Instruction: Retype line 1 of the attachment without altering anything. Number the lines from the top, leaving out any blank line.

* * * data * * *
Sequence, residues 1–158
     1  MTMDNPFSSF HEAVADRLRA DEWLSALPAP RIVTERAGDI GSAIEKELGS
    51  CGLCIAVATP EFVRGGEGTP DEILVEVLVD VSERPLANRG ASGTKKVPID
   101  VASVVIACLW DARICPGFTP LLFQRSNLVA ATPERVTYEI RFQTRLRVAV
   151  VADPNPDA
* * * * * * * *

Sequence, residues 1–158